Circuit

More turnover at USDA
Two more officials are leaving the Agriculture Department.

Late last month, Paul Brubaker, administrator of the Transportation Department’s Research and Innovative Technology Administration, sent an e-mail message to his employees informing them that Cheryl McQueary would be joining the organization as deputy administrator.

McQueary had served as USDA’s assistant chief information officer for information technology transformation programs.

Meanwhile, Lynn Allen, USDA’s associate CIO for cybersecurity, announced he is leaving to take a job at the Housing and Urban Development Department.

These are the latest in a series of departures from USDA’s CIO organization, which has lost Bob Suda, Chris Niedermayer and Jerry Williams in recent weeks.

March (government movie) Madness
March Madness will be on us soon, and many people will be tuned in to college basketball.

In that spirit, we have decided that March is going to be Government Movie Madness on FCW.com.

We got the idea from a book titled “The Enlightened Bracketologist: The Final Four of Everything,” edited by Mark Reiter and Richard Sandomir.

The book compiles March Madness-style brackets on just about everything.

In the bracket for the best chief executive officer, Warren Buffett beat out Jack Welch. There are brackets for celebrity sports couples (Joe DiMaggio and Marilyn Monroe beat out Andre Agassi and Steffi Graf). The item most likely to survive past the 21st century (shoelaces beat out silk) and talk show hosts (Johnny Carson bested Oprah Winfrey).

Taking a page from that enjoyable book, FCW will host a bracket of the best government- themed movies. We will make the pairings, but you will do the voting at FCW.com.

Find more information, including links to the latest FCW.com poll, the list of movies and the brackets, at FCW.com’s Download at www.fcw.com/ download. We will also print the list in the March 24 issue of Federal Computer Week. The initial rounds will be fast — two to three days — so visit the site often.

Evans’ GPS woes
The government IT community is famous for its breakfast meetings. So when Karen Evans, the Office of Management and Budget’s administrator for e-government and IT, agreed to appear for her annual post-budget presentation at AFCEA International’s Bethesda, Md., chapter breakfast, it was no small sacrifice.

Evans lives in the panhandle of West Virginia, which is a healthy commute, particularly given the Washington area’s traffic.

This year, however, Evans was late. She had travel problems that were so bad she joked she almost called somebody at the Transportation Department. Apparently, construction in the area caused problems for her car’s GPS device.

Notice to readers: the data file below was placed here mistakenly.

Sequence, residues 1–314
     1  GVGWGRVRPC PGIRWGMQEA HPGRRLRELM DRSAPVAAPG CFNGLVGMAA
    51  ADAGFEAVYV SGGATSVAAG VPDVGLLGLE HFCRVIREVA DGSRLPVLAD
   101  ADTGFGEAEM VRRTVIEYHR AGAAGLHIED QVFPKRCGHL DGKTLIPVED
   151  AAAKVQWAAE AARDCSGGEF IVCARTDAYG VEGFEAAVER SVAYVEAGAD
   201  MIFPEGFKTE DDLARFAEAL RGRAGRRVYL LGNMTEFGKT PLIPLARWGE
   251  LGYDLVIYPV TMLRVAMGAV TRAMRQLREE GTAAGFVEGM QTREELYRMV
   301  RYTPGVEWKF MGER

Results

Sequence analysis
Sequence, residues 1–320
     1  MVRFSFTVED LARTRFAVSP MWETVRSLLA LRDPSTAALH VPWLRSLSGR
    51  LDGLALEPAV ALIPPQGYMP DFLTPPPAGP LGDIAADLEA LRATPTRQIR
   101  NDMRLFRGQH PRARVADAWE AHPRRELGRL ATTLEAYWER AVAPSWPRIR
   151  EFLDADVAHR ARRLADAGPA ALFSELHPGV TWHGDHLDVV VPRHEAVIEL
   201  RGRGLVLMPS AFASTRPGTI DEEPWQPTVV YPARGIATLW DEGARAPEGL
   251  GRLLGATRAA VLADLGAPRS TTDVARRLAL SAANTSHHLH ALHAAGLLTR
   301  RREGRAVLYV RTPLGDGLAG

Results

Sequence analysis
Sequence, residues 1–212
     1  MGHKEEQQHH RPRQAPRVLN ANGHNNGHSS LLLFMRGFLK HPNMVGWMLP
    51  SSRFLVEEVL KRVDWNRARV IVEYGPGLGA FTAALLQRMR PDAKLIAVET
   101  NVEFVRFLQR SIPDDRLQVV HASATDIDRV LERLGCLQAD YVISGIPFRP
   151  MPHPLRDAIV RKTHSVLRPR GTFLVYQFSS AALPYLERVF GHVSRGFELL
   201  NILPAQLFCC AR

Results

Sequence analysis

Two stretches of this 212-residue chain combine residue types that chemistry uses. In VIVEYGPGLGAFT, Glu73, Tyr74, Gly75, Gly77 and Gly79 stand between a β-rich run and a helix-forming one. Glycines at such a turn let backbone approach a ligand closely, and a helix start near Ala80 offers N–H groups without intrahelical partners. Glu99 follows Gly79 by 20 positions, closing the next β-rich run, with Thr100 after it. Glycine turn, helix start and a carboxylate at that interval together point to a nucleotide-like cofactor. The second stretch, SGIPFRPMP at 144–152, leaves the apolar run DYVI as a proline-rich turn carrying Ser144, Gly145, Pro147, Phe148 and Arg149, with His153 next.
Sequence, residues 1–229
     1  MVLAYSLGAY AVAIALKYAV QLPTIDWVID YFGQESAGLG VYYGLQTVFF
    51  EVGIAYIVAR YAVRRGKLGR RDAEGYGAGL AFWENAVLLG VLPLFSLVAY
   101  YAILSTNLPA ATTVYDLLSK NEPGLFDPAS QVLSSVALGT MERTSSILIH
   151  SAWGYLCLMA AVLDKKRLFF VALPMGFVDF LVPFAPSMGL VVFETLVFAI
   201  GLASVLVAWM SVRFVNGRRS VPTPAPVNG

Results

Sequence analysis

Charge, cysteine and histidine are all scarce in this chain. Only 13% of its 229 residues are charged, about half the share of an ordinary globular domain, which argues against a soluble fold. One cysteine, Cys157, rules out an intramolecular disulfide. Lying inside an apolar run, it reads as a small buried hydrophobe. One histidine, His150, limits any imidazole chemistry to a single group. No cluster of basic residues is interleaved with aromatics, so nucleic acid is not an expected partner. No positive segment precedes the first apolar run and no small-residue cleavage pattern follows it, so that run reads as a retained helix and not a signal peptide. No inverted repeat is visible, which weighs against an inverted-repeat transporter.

“We all get so dependent on technology, don’t we?” Evans asked.

It’s not the A list
No agency wants to find one of its IT project on OMB’s watch list, which means the project has problems and OMB has concerns about it.

However, the agency seems to be concerned about one of its own projects. One of its two Exhibit 300 business cases landed on the watch list — and it’s the IT administrator’s project.

Speaking to reporters after a budget briefing, Evans revealed that the project was hers, but she wouldn’t say what it was. However, Evans said she was confident that the project would be erased from the watch list by March. Getting Evans’ project off the watch list will free more time for OMB to keep an eye on other agencies’ activities.

Facebook: More than a dating service
The government’s youngest workers grew up with the Internet, and now young feds are changing how agencies operate, said Dave Wennergren, the Defense Department’s deputy CIO. He made his comments at the Federal Networks 2008 conference in McLean, Va.

Members of the Net Generation — those post-baby boomers who don’t know a world without the Internet — work hard and enthusiastically, Wennergren said. However, their managers must adjust to the way that generation works and lives. For example, young people rarely use e-mail. Instead, they chat with one another online, send text messages and communicate through social networks, such as Facebook.

“If you think Facebook is a way to get a date, you’re wrong,” Wennergren said.

The new workforce uses Second Life for real-life issues.

“If you think Second Life is a game, you’re getting old,” Wennergren said.  

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